Real Life Maelstroms
Where a unique combination of strong currents and geography meet, maelstroms, enormous and powerful areas of swirling water, dangerous currents and whirlpools, can be found across the globe. Although many form (and die) in a relatively short period of time in response to catastrophic events (like a tsunami), others have existed for centuries.
Found in the strait between Naruto (in the Tokusima Prefecture on Shikoku Island) and Awaji Island, the Naruto whirlpools reside in the strait of the same name. As the strait connects large inland seas with the Pacific Ocean, the significant tide moves from anywhere from 8 MPH up to 12 MPH twice daily, producing a strong current. In fact, the super-speedy Naruto current is considered one of the fastest in the world and can pose a hazard to unwary ships.
Meaning the “cauldron of the plaid,” Scotland’s Corryvreckan is the world’s third largest maelstrom. Found off the country’s west coast, this maelstrom is formed when 10 MPH tides flood a narrow strait between two islands and butt against a deep hole and tall pinnacle. A collection of standing waves (some 30 feet high) and whirlpools are created and together they produce a roar that is audible 10 miles away.
According to Scottish myth, the maelstrom is formed when the goddess of winter uses the waters to wash her plaid clothes (which turn white when clean to become the region’s seasonal blanket of snow).
To study this beast, documentary makers put a life jacket and a depth meter on a mannequin in 2006 and threw her into the maelstrom. When she was finally found, she showed evidence of being dragged along the bottom, at a depth of 262 feet.
Otherwise known to the world as Charybdis, the whirlpool that sucked in Odysseus’ boat, Garofalo is found in the strait between Italy’s mainland and Sicily. Not technically a whirlpool, Garofalo occurs when the winds and tides meet at cross-purposes in the less than two-mile wide (but over 800 feet deep) Strait of Messina. The rough seas produced are known to be very hazardous for small vessels, and occasionally, even dangerous for large ships.
Perhaps the most famous of the maelstroms, and the monster that inspired the name, Moskstraumen’s might inspired both Jules Verne and Edgar Allan Poe when they wrote of fearful and deadly whirlpools. Located off of Norway’s northern coast, Moskstraumen, unlike its brothers that occur in rivers and straits, is found in the open sea.
To form Moskstraumen, strong currents combine with semi-diurnal tides (two high-tides and low-tides each day) and powerful winds where deep and shallow water meet between two islands to create a collection of eddies and whirlpools to catch the unwary. With its largest whirlpool about 130-160 feet across and currents that can exceed 17 MPH, some claim Moskstraumen is the most destructive of all the maelstroms.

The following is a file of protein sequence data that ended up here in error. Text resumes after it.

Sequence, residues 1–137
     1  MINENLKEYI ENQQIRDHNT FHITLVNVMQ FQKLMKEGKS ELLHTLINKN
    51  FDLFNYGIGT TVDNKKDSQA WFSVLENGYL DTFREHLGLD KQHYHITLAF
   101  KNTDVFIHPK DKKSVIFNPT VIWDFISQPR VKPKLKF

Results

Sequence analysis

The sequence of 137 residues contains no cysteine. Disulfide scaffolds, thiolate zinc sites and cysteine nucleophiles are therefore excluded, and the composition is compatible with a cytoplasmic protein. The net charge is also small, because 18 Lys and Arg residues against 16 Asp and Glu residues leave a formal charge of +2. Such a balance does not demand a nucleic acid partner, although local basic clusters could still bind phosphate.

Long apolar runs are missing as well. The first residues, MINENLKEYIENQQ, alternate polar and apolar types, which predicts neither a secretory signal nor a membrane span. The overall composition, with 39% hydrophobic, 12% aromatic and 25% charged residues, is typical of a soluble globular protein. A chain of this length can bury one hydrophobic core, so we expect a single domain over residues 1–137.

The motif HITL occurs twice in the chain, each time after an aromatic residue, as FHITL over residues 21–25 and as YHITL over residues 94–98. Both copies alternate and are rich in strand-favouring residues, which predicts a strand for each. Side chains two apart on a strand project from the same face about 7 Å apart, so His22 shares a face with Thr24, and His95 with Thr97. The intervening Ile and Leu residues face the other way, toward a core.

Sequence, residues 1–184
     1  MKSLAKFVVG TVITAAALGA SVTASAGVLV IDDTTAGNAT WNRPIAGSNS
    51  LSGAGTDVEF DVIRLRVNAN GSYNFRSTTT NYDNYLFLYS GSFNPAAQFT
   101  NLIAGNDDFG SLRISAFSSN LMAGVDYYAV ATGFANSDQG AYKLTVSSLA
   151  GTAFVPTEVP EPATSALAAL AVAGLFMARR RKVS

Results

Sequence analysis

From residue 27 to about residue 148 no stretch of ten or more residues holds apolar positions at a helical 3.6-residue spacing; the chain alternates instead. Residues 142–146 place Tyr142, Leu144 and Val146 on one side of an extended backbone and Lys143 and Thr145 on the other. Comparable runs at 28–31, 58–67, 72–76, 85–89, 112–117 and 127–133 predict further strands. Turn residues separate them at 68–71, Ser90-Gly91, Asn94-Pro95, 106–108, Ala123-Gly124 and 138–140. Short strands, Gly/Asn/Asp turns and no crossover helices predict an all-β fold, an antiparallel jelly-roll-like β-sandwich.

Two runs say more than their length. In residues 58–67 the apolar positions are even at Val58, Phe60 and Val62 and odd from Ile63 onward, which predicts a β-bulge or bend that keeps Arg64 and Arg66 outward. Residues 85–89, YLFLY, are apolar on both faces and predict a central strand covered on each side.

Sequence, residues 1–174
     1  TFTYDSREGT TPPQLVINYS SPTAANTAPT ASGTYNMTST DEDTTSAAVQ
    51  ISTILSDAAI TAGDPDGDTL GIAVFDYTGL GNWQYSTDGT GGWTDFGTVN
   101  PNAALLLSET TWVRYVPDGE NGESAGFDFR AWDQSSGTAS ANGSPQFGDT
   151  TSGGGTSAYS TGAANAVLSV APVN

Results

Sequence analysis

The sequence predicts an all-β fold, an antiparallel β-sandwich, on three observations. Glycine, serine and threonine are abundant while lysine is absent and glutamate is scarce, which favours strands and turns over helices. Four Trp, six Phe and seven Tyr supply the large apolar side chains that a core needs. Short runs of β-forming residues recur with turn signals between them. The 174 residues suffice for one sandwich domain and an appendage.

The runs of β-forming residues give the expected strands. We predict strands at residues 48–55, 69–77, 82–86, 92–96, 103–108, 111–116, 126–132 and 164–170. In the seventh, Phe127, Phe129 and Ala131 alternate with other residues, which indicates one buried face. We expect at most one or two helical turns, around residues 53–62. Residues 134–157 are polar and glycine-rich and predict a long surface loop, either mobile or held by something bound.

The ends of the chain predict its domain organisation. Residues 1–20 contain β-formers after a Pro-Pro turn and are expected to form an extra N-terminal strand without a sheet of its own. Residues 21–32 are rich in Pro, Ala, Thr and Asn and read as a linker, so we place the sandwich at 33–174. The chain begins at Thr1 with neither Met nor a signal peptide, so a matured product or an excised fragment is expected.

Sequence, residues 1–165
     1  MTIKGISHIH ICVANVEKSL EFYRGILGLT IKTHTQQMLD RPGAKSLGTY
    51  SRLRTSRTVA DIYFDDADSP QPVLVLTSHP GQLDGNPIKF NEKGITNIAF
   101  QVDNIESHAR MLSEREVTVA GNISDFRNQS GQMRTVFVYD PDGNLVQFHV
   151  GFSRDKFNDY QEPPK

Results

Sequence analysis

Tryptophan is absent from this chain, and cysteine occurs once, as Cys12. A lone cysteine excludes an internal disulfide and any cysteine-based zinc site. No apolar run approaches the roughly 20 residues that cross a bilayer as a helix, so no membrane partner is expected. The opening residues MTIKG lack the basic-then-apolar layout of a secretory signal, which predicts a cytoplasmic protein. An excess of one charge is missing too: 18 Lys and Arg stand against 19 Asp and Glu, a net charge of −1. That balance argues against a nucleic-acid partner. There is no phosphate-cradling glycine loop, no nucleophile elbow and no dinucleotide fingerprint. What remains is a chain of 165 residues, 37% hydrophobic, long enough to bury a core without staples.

Abutting Norway’s mainland, nestled in one of its many fjords, lies the strongest maelstrom in the world, Saltstraumen. With tidal currents that reach speeds of 25 MPH, Saltstraumen boasts whirlpools that are 33 feet across and 16 feet deep, and has been around for at least two thousand years.
Created when the tide enters the Skjerstadfjorden, the Saltstraumen renders its strait impassable, although fishermen enjoy its plethora of cod, halibut and coalfish (the strong currents suck in the microscopic life at the bottom of the ocean food chain, ultimately drawing in the larger fish). Later, when the tide turns and the water rushes out, the strait becomes navigable.
Over four thousand years old, the Niagara whirlpool is formed downstream from the falls, as the fast-moving current (at 20 MPH) rushes out of the Niagara Gorge and meets an ancient underwater depression. This latter, called Saint David’s Buried Gorge, sits nearly cross-wise with the Niagara River and when they meet, a maelstrom is formed that usually produces a counter-clockwise whirlpool, although when significant water is diverted upstream, the circular current reverses.
Situated in the Bay of Fundy, in the Western Passage of Passamaquoddy Bay in between New Brunswick, Canada and Eastport, Maine, Old Sow may be perhaps the most unpredictable of the maelstroms. Depending on her mood, she presents eddies (called piglets), spouts, holes, troughs, fast currents, and the occasional whirlpool. At one point, one of her vortices was recorded along the southern end of Deer Island with a diameter of 250 feet.
As with other maelstroms, under the ocean’s surface, tidal waters travel up a deep trench (about 400 feet), meet an underwater peak (here, at about 119 feet) and dive again to about 350 feet. The strong ocean tide meets with currents coming in from other straits, creating this fickle leviathan.
Her unique name is attributed to two distinct sources: (a) the Old Sow makes sounds that sometimes mimic the grunts of a pig; or (b) it reflects a misunderstanding of the world “sough” which refers to a drain or a sucking noise.
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- Ephemeral whirlpools formed in the waters of Japan after the massive earthquake and tsunami that hit the island nation in 2011. As with the permanent maelstroms, the large rush of water suddenly meeting certain geographic features produced the whirlpools. In this case, however, most of these vortices formed after the massive amounts of water that had moved inland with the wave suddenly receded. The large whirlpools that were created sucked in at least one boat. It isn’t known if anyone was aboard.
- 10 Magnificent Maelstroms
- Deadly Maelstrom’s Secrets Unveiled
- Gulf of Corryvreckan (Wikipedia)
- Into the Vortex – Old Sow
- Lethal Seas
- Maelstroms (Wikipedia)
- Moskstraumen (Wikipedia)
- Naruto Whirlpools
- Naruto whirlpools (Wikipedia)
- Niagara Whirlpool (Wikipedia)
- Saltstraumen (Wikipedia)
- Scylla and Charybdis
- Why Japan’s Tsunami Triggered an Enormous Whirlpool
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